Huffington Post, 25 November 2015
People do things when they’re angry and scared that they live to regret. This is an everyday truth, but when the deeds are done by governments the consequences can be calamitous.
There’s a small field of psychology, known as terror management theory, that studies this kind of behaviour. Its practitioners test people’s responses when they feel their lives are under threat, such as after a terrorist attack. What they find is that at such times people cling ever more closely to their own worldviews (cultural, religious, nationalistic) and to those who share them, and turn ever more hostile towards members of out-groups who hold opposing views. Or as one of the leaders of this field puts it, we become intent on showing that “our god is better than your god and we will kick your arse to prove it”.
Paris (França) – A Torre Eiffel foi iluminada com as cores azul, branco e vermelho da bandeira francesa (Divulgação Prefeitura de Paris)
Huffington Post, 27 October 2014
Judges and magistrates are often assumed to be beyond prejudice, immune to the behavioural and cognitive biases that would sway the rest of us. Of course they are not. But just how vulnerable they are was made plain this week with the publication of a study in the British Journal of Criminology on the excessive judicial sentencing that followed the 2011 English riots. Its general conclusion: the courts were almost as impulsive and ill-disciplined in their judgements as the behaviour they were supposed to be assessing. “An air of prosecutorial zeal and judicial abandon was commonplace,” say the authors.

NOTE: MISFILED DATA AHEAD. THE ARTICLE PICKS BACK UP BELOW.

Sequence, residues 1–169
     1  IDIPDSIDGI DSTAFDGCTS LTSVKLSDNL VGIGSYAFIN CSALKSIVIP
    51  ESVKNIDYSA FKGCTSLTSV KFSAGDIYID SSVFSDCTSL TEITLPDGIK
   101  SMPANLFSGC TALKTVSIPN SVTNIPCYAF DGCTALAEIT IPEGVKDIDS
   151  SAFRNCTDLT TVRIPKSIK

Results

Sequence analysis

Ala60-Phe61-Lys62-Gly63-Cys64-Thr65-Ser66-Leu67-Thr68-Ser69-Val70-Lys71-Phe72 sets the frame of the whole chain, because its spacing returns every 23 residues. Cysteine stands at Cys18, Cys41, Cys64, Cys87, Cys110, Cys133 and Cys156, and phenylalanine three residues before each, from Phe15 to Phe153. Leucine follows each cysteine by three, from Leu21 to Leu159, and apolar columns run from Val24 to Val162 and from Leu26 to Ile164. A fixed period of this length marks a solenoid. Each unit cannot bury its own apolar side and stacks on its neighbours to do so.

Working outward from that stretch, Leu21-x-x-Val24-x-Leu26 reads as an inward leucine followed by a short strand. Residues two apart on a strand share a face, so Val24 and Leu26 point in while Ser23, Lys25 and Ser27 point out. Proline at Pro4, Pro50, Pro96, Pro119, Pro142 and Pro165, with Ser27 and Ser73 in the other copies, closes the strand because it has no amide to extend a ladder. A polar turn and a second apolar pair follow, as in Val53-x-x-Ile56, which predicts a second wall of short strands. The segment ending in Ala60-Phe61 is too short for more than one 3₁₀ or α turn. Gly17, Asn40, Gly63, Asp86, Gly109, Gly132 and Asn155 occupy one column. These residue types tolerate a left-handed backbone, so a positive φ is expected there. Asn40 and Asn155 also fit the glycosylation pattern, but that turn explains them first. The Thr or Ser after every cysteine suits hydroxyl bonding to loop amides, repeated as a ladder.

It is tempting to see this as an example of human fallibility amid the madness of crowds, but it is nothing of the sort. Instead it is a story of political influence, of public officials and commentators drumming up a populist narrative of fear and recrimination that not even the judiciary could resist. The implications, for those involved in the trials and for society at large, are worrying.
Huffington Post, 2 June 2014
How well do you know your neighbours? By sight? By name? Well enough to know the names of their children? In multicultural Britain we should be asking this question more often, for the answer matters a great deal.
All the main political parties except Ukip promote multiculturalism as a social model (or at least they did before the recent European elections). As Malory Nye pointed out in his Huffington Post blog on Thursday, it is already a reality on the ground: ethnic diversity is part of Britain’s modern identity.
But what Nye and most politicians do not acknowledge is that stable societies require more than co-existence. Cooperation, particularly during times of economic or social insecurity, requires a level of solidarity that simply living side by side will never provide.